# Modeling a pump startup and shutdown transient event in the same simulation

 Product(s): HAMMER Version(s): 08.11.XX.XX and higher Area: Modeling

# Problem

How can I model a pump startup followed by a shutdown, or a pump shutdown followed by a startup? (pump trip followed by restart)

# Pump Startup followed by shutdown

To model a pump start up followed by a shut down, follow the normal steps to model a pump startup using the "Pump Start - Variable speed/torque" Transient pump type (see this article for the steps), but configure your transient operating rule to drop the multiplier back down to zero at the time when the pump shuts down (after some delay). You'll need to decide how long the pump will stay on before shutting down. An initial run with just the pump startup may help, so you can observe when the transient waves settle down.

If your control variable is set to "speed", then similar to the startup portion of the operating rule, the shutdown part would need to simulate how long it takes to spin down. If the control variable is set to Torque, the shutdown part of the operating rule would simulate how long it takes for the power to be disconnected. The starting multiplier would be set to 0 (off - zero speed/torque) In the examples below, for torque, an instant change in torque is assumed for both the startup and shutdown parts of the pattern; "flipping the switch".

For more on torque for speed as the control variable see this article.

Note also that if you use torque as the control variable, you will need to enter the nominal torque based on the operating point when the pump is on, and with help from the spreadsheet in this article: Calculating Nominal Torque for a Transient Pump Startup or Variable speed

Note: if you do not want to assume a check valve in the pump during the transient simulation, enter a large number such as 9999 seconds for the "Time (for valve to operate)".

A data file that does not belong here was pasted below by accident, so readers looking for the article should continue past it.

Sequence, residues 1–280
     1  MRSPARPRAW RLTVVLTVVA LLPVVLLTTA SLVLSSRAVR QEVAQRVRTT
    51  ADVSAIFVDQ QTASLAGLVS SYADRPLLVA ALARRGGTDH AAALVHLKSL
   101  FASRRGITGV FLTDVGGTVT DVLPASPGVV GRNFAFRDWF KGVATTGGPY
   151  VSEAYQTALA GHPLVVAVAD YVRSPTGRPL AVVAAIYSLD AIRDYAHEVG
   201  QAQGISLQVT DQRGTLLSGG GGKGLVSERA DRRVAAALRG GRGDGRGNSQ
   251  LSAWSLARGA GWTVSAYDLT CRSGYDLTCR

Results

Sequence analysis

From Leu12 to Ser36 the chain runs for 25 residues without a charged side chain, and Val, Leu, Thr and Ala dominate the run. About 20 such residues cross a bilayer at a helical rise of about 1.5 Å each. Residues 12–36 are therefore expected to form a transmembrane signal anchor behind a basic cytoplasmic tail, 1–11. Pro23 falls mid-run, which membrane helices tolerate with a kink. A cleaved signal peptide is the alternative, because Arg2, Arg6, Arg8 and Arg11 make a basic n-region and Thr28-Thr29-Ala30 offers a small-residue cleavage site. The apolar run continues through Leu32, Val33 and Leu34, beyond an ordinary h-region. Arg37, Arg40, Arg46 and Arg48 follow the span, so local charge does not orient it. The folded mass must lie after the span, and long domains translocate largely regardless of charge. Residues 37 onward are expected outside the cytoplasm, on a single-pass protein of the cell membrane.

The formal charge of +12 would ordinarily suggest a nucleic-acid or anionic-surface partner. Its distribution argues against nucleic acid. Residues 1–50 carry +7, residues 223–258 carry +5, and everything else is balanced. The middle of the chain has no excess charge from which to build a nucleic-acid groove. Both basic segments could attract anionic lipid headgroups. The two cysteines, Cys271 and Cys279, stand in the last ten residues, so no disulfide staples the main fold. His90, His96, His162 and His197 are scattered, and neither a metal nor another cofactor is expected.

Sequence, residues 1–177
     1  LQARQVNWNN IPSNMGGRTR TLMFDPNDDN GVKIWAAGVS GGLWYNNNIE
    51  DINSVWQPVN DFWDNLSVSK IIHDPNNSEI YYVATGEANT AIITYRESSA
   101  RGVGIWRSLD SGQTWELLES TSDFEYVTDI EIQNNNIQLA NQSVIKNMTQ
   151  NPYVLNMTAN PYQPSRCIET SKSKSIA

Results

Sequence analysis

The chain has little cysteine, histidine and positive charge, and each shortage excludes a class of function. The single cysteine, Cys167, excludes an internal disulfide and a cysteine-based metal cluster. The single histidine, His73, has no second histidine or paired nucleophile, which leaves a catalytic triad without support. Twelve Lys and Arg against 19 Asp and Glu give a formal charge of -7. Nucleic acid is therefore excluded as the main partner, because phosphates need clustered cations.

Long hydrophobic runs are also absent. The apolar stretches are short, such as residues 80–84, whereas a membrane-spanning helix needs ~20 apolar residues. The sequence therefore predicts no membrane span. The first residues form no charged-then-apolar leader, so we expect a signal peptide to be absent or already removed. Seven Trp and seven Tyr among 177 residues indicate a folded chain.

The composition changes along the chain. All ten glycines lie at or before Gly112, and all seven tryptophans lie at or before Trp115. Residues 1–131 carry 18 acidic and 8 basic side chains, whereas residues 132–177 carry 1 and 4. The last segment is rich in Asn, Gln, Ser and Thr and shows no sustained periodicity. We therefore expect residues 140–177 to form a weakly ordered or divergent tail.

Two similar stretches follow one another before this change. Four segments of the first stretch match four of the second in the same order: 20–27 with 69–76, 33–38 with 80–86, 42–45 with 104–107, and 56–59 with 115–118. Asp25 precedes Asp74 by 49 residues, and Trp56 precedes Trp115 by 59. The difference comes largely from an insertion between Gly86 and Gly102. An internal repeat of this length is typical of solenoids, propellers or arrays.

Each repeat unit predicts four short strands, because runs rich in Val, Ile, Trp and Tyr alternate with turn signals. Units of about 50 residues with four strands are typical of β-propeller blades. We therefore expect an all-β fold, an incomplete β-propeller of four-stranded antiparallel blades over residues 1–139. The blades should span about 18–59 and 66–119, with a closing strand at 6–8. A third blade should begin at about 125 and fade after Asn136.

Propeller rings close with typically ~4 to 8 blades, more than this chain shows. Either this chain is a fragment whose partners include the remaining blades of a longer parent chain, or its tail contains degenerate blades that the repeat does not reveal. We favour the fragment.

Note also that the pump check valve will not re-open if forward-flow occurs. So, if a reopen is anticipated to occur, you should instead model the check valve with the check valve node element. To do this, enter a closure time of 0.1 seconds to model neither a valve nor a check valve (when the pump is initially off), then insert a check valve node element adjacent to the pump(s).

Startup plus shutdown, control variable as Speed:

Startup plus shutdown, control variable as Torque:

# Pump shutdown followed by startup

In the reverse case where you want to first simulate an emergency shutdown followed by a startup, you would use the "Variable Speed/Torque" transient pump type and configure the operating rule with a starting multiplier of 1.0, then configure the pattern to shut the pump down, then turn it back on.

As with the first case, you'll also need to decide how long the pump will be off before you turn it back on. In the case of a surge tank or hydropneumatic tank, the tank will need to be sized appropriately for the water to supply the demands and dampen the transient wave for at least the minimum time the pump is off. There may be concerns with how fast any trapped air is released upon startup.

The points about speed vs. torque also apply in this case.

Note: if you do not want to assume a check valve in the pump during the transient simulation, enter a large number such as 9999 seconds for the "Time (for valve to operate)".

Also note that the pump check valve will not re-open if forward-flow occurs. So, if a reopen is anticipated to occur, you should instead model the check valve with the check valve node element. To do this, enter a closure time of 99999 seconds to model neither a valve nor a check valve (if the pump is initially on), then insert a check valve node element adjacent to the pump(s).

Shutdown plus startup, control variable as Speed:

Shutdown plus startup, control variable as torque: